Osteogenic response of mesenchymal stem cells to continuous mechanical strain is dependent on ERK1/2-Runx2 signaling.
ABSTRACT Mechanical stimuli are responsible for bone remodeling during orthodontic tooth movement. The role of mechanical stimulation in the regulation of the fate of bone mesenchymal stem cells (BMSCs) is of interest in bone regeneration and tissue engineering applications. However, the signaling pathway involved in strain-induced biochemical events in BMSCs is not well established and can be controversial. This study investigated strain-induced proliferation and differentiation of BMSCs, as well as the mechanism of mechanotransduction. BMSCs were exposed to continuous mechanical strain (CMS) of 10% at 1 Hz. The results showed that CMS reduced the proliferation of BMSCs and stimulated osteogenic differentiation by activating Runx2, followed by increased alkaline phosphatase (ALP) activity and mRNA expression of osteogenesis-related genes (ALP, collagen type I and osteocalcin). Furthermore, the phosphorylation level of extracellular regulated protein kinase (ERK)1/2 increased significantly at the onset of strain. However, the presence of U0126, a selective inhibitor of ERK1/2, blocked the induction of Runx2 and subsequent osteogenic events. These findings demonstrate that CMS regulated Runx2 activation and favored osteoblast differentiation through activation of the ERK1/2 signaling pathway. These results will contribute to a better understanding of strain-induced bone remodeling and will form the basis for the correct choice of applied force in orthodontic treatment.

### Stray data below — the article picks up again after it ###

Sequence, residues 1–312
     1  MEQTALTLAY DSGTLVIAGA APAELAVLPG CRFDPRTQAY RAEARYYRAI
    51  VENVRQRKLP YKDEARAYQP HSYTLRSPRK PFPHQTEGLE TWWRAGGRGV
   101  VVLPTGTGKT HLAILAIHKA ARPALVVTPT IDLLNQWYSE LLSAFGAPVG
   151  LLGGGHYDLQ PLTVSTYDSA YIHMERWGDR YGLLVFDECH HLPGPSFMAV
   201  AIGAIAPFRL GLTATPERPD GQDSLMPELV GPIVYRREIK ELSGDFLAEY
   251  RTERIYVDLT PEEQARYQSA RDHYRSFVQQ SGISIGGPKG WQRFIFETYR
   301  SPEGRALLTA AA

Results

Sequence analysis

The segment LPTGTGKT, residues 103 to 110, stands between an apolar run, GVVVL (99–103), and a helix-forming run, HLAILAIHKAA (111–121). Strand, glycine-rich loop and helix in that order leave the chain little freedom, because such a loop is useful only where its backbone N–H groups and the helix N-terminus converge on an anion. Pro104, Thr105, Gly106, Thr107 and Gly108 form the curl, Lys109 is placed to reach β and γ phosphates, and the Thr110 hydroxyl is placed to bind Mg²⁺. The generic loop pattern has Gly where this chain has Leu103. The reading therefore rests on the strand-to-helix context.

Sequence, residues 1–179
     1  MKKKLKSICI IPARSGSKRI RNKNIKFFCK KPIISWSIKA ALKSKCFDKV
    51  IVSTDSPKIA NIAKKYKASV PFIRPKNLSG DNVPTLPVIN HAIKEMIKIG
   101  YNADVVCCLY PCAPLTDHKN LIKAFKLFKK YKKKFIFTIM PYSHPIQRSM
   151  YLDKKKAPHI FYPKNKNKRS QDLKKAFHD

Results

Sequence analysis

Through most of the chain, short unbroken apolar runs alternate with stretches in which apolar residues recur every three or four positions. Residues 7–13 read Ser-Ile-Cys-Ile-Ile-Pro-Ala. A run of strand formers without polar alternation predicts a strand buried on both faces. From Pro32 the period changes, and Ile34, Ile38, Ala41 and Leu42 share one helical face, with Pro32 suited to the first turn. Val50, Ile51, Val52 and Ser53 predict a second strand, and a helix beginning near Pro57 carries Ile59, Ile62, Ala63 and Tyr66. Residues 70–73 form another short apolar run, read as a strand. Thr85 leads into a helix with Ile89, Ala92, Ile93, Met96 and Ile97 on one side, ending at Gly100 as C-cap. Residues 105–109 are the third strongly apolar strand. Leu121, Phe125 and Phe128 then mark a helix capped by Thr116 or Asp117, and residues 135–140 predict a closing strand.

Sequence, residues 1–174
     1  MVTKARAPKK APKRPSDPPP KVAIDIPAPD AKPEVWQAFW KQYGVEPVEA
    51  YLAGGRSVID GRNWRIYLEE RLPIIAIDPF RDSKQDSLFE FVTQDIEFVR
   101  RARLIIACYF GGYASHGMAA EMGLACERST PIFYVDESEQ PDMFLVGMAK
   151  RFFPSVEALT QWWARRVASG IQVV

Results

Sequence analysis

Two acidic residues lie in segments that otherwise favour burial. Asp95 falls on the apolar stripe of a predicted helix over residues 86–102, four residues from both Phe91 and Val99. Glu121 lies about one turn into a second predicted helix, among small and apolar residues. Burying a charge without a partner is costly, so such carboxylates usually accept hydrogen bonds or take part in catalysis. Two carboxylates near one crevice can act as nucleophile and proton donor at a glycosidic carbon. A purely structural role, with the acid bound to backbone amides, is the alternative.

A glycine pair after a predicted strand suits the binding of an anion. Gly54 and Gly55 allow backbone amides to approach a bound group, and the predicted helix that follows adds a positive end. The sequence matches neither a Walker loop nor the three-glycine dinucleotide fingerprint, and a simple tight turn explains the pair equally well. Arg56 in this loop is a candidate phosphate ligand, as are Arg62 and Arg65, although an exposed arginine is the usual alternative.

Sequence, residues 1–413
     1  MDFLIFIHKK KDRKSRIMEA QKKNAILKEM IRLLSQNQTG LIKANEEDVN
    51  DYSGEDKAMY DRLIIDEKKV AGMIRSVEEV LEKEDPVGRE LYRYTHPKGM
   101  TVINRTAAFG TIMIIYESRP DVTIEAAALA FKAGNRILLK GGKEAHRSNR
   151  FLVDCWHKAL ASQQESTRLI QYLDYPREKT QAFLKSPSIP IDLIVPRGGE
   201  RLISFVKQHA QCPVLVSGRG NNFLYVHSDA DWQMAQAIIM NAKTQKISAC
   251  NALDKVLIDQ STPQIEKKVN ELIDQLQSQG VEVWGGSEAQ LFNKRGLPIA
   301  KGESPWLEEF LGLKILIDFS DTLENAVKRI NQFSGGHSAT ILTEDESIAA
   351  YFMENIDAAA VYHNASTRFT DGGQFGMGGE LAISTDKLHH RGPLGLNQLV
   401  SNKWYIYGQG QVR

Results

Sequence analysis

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ABSTRACT: Mechanical stimulation can influence differentiation pathways of stem cells, and may therefore provide improved control of lineage specifications for clinical applications. Oscillatory mechanical stimulation at relatively low frequencies (0.01 Hz) has recently been shown to suppress adipogenic differentiation of mesenchymal stem cells, indicating that the range of effective stimulation frequencies is not limited to those associated with locomotion, circulation, and respiration. We hypothesized that relatively low frequency mechanical stimulation (0.01 Hz) can also promote osteogenic cell differentiation of myoblastic C2C12 cells in combination with BMP-2. Results indicate that low frequency mechanical stimulation can significantly enhance osteogenic gene expression, provided that differentiation is initiated by a priming period involving BMP-2 alone. Subsequent application of low frequency mechanical stimulation appears to act synergistically with continued BMP-2 exposure to promote osteogenic differentiation of C2C12 cells, and can even partially compensate for the removal of BMP-2. These effects may be mediated by the ERK and Wnt signalling pathways. Osteogenic induction of C2C12 cells by low frequency mechanical stimulation is therefore critically dependent upon previous exposure to growth factors, and the timing of superimposed BMP-2 and mechanical stimuli can sensitively influence osteogenesis. These insights may provide a technically simple means for control of stem cell differentiation in cell-based therapies, particularly for enhancement of differentiation toward desired lineages.ISRN Stem Cells. 01/2013;